Showalter said that he kind of looked like a starter out there. And perhaps he did – in the sense that he put his team in a spot to win the game. That’s what you ask of your starters. Bleier isn’t a starter, but the team needed him today in a tough spot. And he answered the call big time.
The Birds would record a quick out in the twelfth, with Bleier still the pitcher or record. Alvarez would draw a walk as a pinch-hitter, and Santander would get aboard with a seeing-eye single. That brought Gentry to the plate, and his sharp liner to the left side found left field, and left the Orioles with an 8-7 lead in extra innings.
Unfortunately for the Orioles however, closer Brad Brach struggled in the last of the twelfth. He issued two walks, and then muffed fielding Romine’s sac bunt to the left of the pitching mound. Everyone was safe, and New York had the bases loaded with nobody out. Things didn’t look good for the boys from the Old Line State, but the bases loaded does give the defense one often overlooked but very big advantage…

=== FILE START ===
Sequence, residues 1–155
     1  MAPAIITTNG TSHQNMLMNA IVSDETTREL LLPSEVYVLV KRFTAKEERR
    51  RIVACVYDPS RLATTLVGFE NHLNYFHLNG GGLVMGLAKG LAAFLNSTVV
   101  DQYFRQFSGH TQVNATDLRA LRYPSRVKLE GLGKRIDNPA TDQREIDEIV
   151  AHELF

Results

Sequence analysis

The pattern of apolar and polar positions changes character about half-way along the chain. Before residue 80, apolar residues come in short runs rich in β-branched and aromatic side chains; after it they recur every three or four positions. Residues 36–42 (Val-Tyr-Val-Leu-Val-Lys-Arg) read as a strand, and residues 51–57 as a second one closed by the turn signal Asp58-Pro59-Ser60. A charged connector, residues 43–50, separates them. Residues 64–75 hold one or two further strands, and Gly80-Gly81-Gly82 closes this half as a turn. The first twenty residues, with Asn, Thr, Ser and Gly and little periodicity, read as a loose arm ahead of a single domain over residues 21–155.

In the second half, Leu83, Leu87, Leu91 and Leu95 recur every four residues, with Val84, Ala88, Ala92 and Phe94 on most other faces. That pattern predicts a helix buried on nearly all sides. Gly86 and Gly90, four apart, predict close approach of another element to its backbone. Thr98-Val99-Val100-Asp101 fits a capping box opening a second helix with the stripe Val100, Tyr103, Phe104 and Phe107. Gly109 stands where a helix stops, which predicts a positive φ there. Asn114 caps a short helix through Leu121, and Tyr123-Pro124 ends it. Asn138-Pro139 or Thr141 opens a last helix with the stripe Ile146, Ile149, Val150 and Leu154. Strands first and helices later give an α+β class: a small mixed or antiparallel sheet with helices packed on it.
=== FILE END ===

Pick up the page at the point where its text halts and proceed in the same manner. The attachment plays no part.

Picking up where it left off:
…there’s a force at every base. And while Brach committed a pretty bad error to achieve that force at every base, he also got an opportunity to redeem himself. And that set the moment for the third and final oddity with the O’s in the field.
Judge sent a tapped back to Brach, who fielded it cleanly in his glove. He flipped it to Calep Joseph for a force at the plate, who then threw it to Machado covering third base for a 1-2-5 double-play. That in and of itself is pretty impressive, because 1-2-5 double-plays don’t happen often. However the fact that Brach had the wherewithal to throw the ball home, and Joseph the same wherewithal to throw to third was pretty special. Brach had the opportunity to atone for his mistake, and he did. He also struck out the next hitter to end the game.
Had they lost this game, the O’s would have split the series in New York. But in winning they were able to take three-of-four, which is a much better result. And these were hard-fought games – make no mistake about it. A team of lesser character and skill wouldn’t have won them. Brach easily could have given in after his mistake. He didn’t, and it sealed a hard-fought win. Bleier easily could have gotten knocked around and blamed lack of rest. He didn’t, and he helped win the game and series.